Free Essay

Lsu Museum

In: English and Literature

Submitted By alaws11
Words 1512
Pages 7
Dillon Smith
February 15, 2011
Exhibit Paper
“Home of the Champions”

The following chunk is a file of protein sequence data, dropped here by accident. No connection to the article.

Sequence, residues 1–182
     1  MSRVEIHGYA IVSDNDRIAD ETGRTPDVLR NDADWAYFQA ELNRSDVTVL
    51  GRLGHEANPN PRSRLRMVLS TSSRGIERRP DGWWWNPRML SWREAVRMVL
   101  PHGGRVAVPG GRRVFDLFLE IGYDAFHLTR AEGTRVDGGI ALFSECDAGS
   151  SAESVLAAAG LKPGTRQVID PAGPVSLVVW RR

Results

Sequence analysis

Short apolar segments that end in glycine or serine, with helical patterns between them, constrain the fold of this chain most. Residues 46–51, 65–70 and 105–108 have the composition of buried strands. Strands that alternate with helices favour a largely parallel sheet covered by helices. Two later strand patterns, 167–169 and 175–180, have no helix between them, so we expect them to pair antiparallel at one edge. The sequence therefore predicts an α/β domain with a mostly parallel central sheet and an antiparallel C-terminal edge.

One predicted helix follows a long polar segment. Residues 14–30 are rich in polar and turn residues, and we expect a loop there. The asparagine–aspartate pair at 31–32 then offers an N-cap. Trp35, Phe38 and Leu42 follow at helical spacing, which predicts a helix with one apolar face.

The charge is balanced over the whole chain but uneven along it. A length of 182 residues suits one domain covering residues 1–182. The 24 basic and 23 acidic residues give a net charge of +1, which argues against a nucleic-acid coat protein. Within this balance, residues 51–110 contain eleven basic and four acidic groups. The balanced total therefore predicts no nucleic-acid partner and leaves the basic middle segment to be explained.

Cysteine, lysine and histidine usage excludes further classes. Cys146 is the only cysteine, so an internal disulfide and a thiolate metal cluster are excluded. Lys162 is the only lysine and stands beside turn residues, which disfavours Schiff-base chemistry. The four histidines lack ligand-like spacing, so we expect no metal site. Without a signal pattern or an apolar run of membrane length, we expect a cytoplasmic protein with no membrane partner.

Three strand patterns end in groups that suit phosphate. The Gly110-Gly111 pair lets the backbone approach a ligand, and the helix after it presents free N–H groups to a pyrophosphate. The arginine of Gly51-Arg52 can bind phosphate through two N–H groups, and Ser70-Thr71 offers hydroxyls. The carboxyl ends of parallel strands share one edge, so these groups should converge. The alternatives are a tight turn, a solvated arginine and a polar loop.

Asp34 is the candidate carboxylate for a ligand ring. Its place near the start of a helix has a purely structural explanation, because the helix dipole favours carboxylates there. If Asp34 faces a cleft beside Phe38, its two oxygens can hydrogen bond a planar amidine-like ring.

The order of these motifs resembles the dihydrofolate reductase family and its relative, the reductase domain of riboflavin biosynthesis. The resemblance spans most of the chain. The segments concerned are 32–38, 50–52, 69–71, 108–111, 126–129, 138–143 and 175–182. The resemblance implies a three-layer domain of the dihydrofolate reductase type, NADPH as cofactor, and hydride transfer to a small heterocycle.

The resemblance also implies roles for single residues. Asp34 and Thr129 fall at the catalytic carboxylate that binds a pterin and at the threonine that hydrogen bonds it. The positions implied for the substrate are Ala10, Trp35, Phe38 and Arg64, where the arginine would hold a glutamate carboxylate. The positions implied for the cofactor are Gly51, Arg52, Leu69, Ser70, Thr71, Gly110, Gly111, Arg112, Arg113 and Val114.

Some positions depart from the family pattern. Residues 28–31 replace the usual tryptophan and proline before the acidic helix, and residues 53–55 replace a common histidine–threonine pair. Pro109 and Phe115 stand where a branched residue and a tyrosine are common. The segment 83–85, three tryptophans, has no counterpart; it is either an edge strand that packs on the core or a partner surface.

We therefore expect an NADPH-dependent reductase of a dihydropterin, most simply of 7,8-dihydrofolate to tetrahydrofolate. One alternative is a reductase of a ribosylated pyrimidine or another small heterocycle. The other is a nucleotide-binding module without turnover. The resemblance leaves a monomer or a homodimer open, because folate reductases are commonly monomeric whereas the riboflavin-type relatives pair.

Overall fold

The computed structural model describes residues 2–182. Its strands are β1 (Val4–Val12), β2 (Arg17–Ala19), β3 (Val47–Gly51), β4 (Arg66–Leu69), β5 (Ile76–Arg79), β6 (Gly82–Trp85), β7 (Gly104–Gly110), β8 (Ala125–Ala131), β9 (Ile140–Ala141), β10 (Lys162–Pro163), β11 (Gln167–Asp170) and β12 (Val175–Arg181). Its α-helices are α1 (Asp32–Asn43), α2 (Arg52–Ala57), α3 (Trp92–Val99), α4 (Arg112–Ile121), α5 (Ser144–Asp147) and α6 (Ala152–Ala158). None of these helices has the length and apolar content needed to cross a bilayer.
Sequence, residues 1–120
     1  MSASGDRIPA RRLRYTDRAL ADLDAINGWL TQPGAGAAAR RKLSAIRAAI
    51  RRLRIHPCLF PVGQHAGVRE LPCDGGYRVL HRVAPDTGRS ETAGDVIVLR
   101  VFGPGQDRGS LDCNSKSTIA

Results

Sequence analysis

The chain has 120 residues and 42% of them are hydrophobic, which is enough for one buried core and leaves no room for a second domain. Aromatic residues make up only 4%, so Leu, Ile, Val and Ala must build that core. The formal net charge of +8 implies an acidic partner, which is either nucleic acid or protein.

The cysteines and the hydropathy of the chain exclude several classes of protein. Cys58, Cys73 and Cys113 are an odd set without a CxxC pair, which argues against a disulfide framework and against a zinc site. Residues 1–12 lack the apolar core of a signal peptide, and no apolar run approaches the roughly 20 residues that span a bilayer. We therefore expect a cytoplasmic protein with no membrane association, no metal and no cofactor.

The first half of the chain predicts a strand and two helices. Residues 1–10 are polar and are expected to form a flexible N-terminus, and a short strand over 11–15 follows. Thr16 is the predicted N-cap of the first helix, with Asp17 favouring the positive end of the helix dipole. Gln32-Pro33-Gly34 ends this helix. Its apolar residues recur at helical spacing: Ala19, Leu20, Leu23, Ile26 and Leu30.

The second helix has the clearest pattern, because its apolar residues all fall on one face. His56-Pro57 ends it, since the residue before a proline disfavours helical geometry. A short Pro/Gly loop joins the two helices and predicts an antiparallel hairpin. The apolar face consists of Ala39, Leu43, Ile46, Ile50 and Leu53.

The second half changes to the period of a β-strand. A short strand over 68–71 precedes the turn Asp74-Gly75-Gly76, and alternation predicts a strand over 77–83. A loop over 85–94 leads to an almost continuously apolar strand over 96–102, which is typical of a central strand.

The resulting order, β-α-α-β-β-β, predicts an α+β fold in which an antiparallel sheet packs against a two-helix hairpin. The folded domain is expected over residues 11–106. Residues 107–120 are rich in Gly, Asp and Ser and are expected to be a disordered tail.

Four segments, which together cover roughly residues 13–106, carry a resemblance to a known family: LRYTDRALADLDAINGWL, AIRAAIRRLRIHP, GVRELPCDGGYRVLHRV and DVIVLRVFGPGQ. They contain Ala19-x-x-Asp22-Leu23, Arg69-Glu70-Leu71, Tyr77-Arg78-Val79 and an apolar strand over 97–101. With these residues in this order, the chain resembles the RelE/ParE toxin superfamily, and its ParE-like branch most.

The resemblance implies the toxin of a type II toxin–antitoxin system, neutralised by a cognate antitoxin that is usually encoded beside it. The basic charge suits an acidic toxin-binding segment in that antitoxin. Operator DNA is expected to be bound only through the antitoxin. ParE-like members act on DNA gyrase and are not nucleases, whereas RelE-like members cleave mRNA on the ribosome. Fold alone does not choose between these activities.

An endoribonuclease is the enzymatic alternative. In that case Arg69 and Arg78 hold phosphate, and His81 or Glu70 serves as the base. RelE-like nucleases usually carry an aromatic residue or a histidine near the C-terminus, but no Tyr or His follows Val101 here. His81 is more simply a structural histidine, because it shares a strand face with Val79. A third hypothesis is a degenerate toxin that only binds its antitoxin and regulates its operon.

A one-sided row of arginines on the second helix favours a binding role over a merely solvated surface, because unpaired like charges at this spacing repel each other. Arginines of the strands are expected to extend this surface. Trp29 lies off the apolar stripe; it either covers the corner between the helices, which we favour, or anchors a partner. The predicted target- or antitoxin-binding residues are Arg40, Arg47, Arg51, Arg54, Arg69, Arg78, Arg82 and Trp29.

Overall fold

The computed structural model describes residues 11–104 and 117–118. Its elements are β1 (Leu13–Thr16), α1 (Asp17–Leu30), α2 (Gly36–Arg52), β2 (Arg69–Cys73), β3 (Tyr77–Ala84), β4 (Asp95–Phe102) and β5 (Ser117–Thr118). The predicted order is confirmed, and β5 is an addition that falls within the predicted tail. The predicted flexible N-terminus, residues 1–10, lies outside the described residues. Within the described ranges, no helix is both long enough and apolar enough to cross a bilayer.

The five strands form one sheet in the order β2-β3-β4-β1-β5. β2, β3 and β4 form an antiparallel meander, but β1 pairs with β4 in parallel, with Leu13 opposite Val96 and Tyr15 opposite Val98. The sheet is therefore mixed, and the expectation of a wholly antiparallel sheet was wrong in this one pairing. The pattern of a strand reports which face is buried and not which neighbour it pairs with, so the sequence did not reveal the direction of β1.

LSU athletics can certainly be defined by its unique tradition, triumphant teams, dedicated fans, and unquestionable support from the entire city of Baton Rouge. Thanks to “Great athletes spanning the decades,” LSU’s athletic program has flourished into a charismatic powerhouse. Many of the memorable moments within LSU’s sports history can be found in the Jack & Priscilla Andonie Museum located on LSU’s campus. The museum began with an LSU alumnus, Jack Andonie, whose goal was to fill the museum with collections of LSU sports relics. He was a devoted fan with a passionate love for LSU. Andonie collected 13,000 LSU sports related items. The vast collection began to take over his home and his wife, Priscilla Andonie, forced him to make a decision between “Me or the stuff.” Arousing the construction of the museum in 2004, Jack Andonie decided to donate his valuable collection to LSU. Since then, the museum is fueled by donations from fans and other generous alumni. As I walked into the museum a picture of Tiger Stadium, also known as Death Valley, instantly caught my attention. This nationally recognized attribute tends to provoke feelings of excitement and pride in LSU fans. Looking around, I found myself repeatedly reading “Home of the Champions” signs. As I viewed the autographed relics, retired jerseys, and championship trophies, I soon realized the reality of that statement. LSU’s dominating athletic program is truly one of a kind. As I continued walking to the other exhibits I was approached by the museum’s director, Bud Johnson. Bud was an energy filled man who lived by the “Forever LSU” motto and thoroughly enjoyed sharing his passion of LSU with others. He knew everything there was to know regarding LSU and gladly answered all of my questions. When thinking of LSU, people tend to think of football. However, many people fail to know the extent of its long history. The front-left section of the museum explains LSU’s football history. Bud had written a book, The Perfect Season, regarding the 1958 football championship and was very anxious to show me this part of the museum. Although the first “season” of football took place in 1893, it did not become popular until 1908 when the sport existed as a combination of basketball and rugby. Tiger football instantly confined the minds of local townspeople and soon became an annual tradition. As the football team traveled to Auburn for one of their first away games, hundreds were in attendance. As Bud showed me a ragged football and team pendants from the game, it allowed me to feel the hardships and sense of triumph for that successful team and their 7-0 victory. Their trophy consisted of a wooden plaque with a simple gold engraved plate attached to it. Trophies were “much different than all of the glitz and glamour of today,” Bud stated. A replica of the current BCS championship trophy, also identified as a crystal football, can be found at the core of the museum. This connotes that football is the central program bringing together all LSU athletics. The more historic relics were located in the rear of the museum. These specific relics included a football from a game in Cuba, which was the first played football on foreign soil, and an LSU and Tulane flag. The flag served as a representation of sportsmanship and was given to the team who best demonstrated this conduct each year. This allowed me to see the origins of the traditional rivalry with Tulane, which I found very fascinating. Additionally, it showed me how football impels our connections with other universities. This particular section of the museum also contained a media room that is open to the public on LSU game days. The room consisted of several televisions that were playing football highlight films, sports video games, and media guides from past seasons. Moreover, the spirit program at LSU is a major part of the university. Exhibited in the back left of the museum are the Golden Girls, Cheerleaders, Tiger Girls, and “Mike the Tiger” mascot. The displayed uniforms, megaphones, pom poms, and photos signify the cheerleaders’ and Tiger Girls undeniable spirit for LSU sports. As a current member of the Tiger Girls dance team, I felt extremely honored to be a part of LSU’s athletic family. Also found in this section is “America’s Finest College Band,” also known as Tiger Band or the “Golden Band from Tiger Land.” This display provides a uniform, drum, trophies, and photos which portray the significance of this tradition at LSU. I suggested to Bud about adding some new photos and more current uniforms of Tiger Girls into the exhibit so that fans can see how the team has changed over time. A fan favorite is the display of the “Mike the Tiger” costume head. Mike’s presence at sporting events is sure to put a smile on any fan’s face as it did just by viewing his costume. The game day exhibit is truly the epitome of LSU. It shows the extensive fan base that drives LSU sports. From signs, costumes, and tailgating, fans have proved to be an integral part of this athletic program. Basketball is also a huge part of the history and success of LSU sports. Beginning with extensive displays of “Pistol” Pete Maravich, I learned about the all-time leading college scorer and his major contributions to LSU basketball. According to Bud who was fortunate to see “Pistol Pete” live in action, “he was far ahead of his time, and his hand strength and spontaneity on the court were truly unforgettable and nationally recognized.” I could see Maravich’s impact on LSU fans as Bud described to me in detail an outstanding play that the “Pistol” carried out in his years at LSU. Bud was enthusiastic as well as amazed at the ability and performance of Maravich. It was clear to me that Maravich set up the basketball program for a promising future. A lucky sock worn at each of Maravich’s games was on display from a loyal fan that bought it at an auction as well as a “Pistol Pete” brand of converse style basketball shoes sold years ago. The greats, Seimone Augustus and Shaq, overwhelm the following basketball display. Sharing the men and women’s jersey number 33, the two legendary athletes were pictured and their accomplishments were listed in bold as yet another positive impact on LSU’s basketball program. On the other side of the display were pictures of more present-day faces such as current New Orleans Hornets player, Marcus Thornton, Houston Rockets draft, Garrett Temple, and 2010 team star, Tasmin Mitchell. These faces were very familiar to me and brought something to the museum that I could relate to and experience. Among the many awards in the room stood a replica display of the Basketball Men’s Final Four trophy and an array of signed basketballs. Displays of all of the other sports at LSU were present in the museum such as golf, soccer, tennis, track, and softball. Baseball, another widely supported sport at LSU, was displayed with newspaper headlines reminding fans of their 2009 National Championship win. Seeing helmets, bats, and crystal and gold award baseballs reminds fans again of the exciting moments in the team’s history. Flags of current coaches hung above each sport showing fans the leaders of all of the great teams. The museum exhibits not only athletic memorabilia, but also photos of monumental pieces of LSU’s campus such as the Bell Tower, Quad, Honors College, and Journalism building. A photo from 1929 shows the early years of LSU’s campus without the union and beloved Tiger Stadium. This shows the amazing growth the University has experienced over the years. It also explains the athletic origin of many buildings on campus such as Coates Hall built for LSU’s first football coach and head of the chemistry department, Charles E. Coates. Former Athletic Director Carl Maddox now holds the title of the Maddox Fieldhouse, and Alex Box stadium was founded for a former player and coach. The relics in the museum are not simply a collection, but an avenue to bring fans closer to the sports they follow and live for. The museum gives each fan a sense of involvement in the different sports exhibited, and makes it more personal for fans by learning the history of the athletic program from hardships, to growth, and to championships. Though many do not realize the museum is available, it truly allows spectators to relive the moments of greatness in LSU Athletic history and is worth the time of any avid fan. My tour from Bud made me truly proud to be a “tiger” and allowed me to see the impact that LSU will have on my life forever. While some may enter the museum with notions that LSU sports are simply about tailgating and winning, they will surely leave knowing that LSU is defined by legacy, tradition, and a spirit that they can forever be a part of.…...